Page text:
helping to tackle serious violent crime in our local communities.

3 Serious Violence Reduction Orders

3.1 The Knife Crime Prevention Orders (KCPOs) are still due to be piloted by the

Metropolitan police. Before any new orders are introduced, KCPOs should be fully

tested and evaluated to ensure they have a positive impact on tackling serious

violent crime, and do not criminalise younger people.

3.2 If introduced, there should be a review of how these new SVROs are expected to

be applied and work alongside KCPOs and wider community safety legislation.

There should be clear guidance for all relevant agencies, including local

government, on how these new orders will affect current community safety


3.3 The SVROs should not apply to under 18 year olds. Children are often coerced into

criminal activity and do not feel able to refuse or escape. Children need to be

supported and recognised as victims. A multidisciplinary partnership approach is

needed to support children out of potentially violent, exploitative situations rather

than criminalising them.

3.4 The Government needs to make clear what data requirements and monitoring

there will be of SVROs, and there should be Parliamentary scrutiny of how these

powers are being used. There should be particular scrutiny of how these new

orders had been applied to people with an ethnic minority background.

4 Supporting children and young people

4.1 It is imperative we take a whole systems approach to supporting children and

younger people. Parents, carers, teachers and youth workers are all well placed to

help provide guidance and support for when a young person transitions to

adulthood. If we do not invest fully in children and youth services, we will not be

able to tackle serious violence.

4.2 Funding for YOTs via the Youth Offending Grant has been halved since 2010/11,

from £145 million to £72 million in 2017/18. This undermines their ability to continue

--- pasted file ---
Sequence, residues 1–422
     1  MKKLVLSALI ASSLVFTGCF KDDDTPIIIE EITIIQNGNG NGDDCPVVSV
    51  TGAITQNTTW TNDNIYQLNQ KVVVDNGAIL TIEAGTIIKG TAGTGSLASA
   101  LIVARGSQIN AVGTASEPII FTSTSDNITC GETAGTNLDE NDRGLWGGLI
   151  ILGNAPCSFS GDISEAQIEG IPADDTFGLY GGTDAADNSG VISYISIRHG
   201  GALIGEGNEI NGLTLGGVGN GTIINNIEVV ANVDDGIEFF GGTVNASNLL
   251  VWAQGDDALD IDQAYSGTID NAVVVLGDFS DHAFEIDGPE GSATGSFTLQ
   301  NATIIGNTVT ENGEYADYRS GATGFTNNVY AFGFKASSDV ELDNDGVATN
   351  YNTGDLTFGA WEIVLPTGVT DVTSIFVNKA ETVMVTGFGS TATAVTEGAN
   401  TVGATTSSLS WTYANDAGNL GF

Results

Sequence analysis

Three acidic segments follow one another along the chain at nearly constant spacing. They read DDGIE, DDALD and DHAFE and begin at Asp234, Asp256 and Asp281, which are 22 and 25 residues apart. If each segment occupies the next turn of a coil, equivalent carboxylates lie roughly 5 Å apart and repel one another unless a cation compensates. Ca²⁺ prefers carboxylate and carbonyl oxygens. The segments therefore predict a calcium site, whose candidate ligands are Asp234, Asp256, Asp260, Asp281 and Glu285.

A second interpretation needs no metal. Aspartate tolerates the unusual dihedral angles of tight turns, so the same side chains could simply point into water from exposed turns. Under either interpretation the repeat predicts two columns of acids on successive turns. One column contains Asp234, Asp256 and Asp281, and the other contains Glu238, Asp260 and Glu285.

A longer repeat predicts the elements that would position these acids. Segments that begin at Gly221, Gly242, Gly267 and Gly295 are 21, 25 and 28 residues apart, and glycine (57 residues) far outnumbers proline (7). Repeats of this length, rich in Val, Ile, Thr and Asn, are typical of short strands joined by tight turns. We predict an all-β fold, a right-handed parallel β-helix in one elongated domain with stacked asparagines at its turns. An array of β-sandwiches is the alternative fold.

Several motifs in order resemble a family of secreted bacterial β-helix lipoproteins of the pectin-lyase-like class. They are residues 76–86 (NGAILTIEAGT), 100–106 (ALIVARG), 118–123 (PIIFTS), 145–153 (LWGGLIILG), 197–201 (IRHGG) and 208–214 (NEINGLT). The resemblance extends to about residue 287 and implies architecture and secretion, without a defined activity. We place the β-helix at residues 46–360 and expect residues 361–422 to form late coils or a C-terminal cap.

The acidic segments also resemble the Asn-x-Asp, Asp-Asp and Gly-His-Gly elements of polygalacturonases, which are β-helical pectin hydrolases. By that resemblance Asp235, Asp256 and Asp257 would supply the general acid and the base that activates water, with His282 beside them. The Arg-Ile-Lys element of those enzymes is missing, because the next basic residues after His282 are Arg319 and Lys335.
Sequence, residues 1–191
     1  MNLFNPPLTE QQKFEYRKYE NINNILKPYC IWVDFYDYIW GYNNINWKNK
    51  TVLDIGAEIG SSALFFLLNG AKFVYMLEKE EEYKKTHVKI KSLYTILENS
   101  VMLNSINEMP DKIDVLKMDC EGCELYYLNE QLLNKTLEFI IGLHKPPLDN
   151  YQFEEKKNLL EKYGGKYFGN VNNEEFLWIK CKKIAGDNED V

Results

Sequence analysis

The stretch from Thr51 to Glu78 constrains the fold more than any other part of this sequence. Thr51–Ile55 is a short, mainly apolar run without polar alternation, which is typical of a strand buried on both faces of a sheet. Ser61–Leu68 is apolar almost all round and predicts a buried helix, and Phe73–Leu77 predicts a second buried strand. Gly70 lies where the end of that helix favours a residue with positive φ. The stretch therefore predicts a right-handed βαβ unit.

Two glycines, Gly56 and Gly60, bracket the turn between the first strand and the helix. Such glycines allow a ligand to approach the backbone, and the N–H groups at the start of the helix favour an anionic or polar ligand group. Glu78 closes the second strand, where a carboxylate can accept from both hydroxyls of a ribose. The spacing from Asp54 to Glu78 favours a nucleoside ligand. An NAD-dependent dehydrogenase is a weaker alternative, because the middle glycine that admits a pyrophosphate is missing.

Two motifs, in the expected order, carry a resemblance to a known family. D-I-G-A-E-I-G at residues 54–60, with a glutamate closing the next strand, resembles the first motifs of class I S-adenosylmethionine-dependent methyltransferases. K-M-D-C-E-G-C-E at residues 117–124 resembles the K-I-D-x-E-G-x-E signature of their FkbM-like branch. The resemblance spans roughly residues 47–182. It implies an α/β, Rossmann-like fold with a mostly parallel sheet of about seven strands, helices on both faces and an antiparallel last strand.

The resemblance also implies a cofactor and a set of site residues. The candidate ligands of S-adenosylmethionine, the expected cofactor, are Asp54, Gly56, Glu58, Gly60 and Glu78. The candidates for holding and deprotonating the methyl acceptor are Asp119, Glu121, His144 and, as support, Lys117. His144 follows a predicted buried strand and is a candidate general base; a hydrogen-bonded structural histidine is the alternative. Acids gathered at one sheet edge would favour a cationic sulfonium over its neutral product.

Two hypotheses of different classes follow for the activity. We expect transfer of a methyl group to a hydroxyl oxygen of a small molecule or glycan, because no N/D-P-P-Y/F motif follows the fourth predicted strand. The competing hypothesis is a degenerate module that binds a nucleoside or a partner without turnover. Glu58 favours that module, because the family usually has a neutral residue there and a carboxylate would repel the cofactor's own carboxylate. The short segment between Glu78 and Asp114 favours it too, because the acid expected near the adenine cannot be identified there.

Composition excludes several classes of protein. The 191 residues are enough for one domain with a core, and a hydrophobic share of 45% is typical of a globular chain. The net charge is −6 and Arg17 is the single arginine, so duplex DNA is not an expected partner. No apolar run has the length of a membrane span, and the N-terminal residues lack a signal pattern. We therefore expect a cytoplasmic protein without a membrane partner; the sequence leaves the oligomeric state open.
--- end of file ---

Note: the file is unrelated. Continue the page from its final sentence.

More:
providing strong outreach, preventative and diversionary work to avoid children and

young people coming into the youth justice system in the first place.

4.3 In addition, local authority funding for youth services has been cut by 69 per cent

since 2010/11, from £1.4 billion to £429 million. More than 4,500 youth work jobs

have been cut and 750 youth centres closed. These services can be invaluable in

building trusted relationships with young people so that they can be supported

through difficult times and provided with the right support, when they need it.

4.4 The Home Affairs Select Committee report into serious youth violence published in

2019 has indicated that the rise in youth violence is likely have been associated

with a reduced youth service offer.

5 Disproportionate impact on adults from an ethnic minority background

5.1 The consultation states that SVROs will have an important role in protecting people

from ethnic minority backgrounds from serious violence, but recognises that the

application of the power to stop and search needs to be effectively monitored to

ensure it is not being disproportionately applied, in particular in respect of Black


5.2 Year-on-year Home Office statistics show that people from Black ethnic groups are

subject to a disproportionate number of stop and searches. Between 2009/10 to

2018/19 the data showed people from three Black ethnic groups had the highest

rates of stop and search out of all 16 individual ethnic groups.

5.3 In September 2020, the Joint Committee on Human Rights heard evidence that an

estimated “85 per cent of Black people in the UK were not confident that they would

be treated the same as a white person by the police.”

5.4 There should be a full impact assessment of how people from ethnic minority

backgrounds will be affected by the introduction of these new orders. There should

also be formal guidance of how these new orders will be used and full data

gathering on how these orders have been applied. There should be explicit

recognition that people from ethnic minority backgrounds should not be

disproportionately targeted by these orders.

5.5 We would welcome the Home Affairs Select Committee launching an inquiry into

the creation of SVROs and how they relate to the newly created KCPOs. There

should be Parliamentary scrutiny on whether these new orders will

disproportionately or detrimentally affect ethnic minority communities.



Rachel Phelps

Policy Adviser, LGA Safer and Stronger Communities team

Phone: 020 7664 3119

Email: [email protected]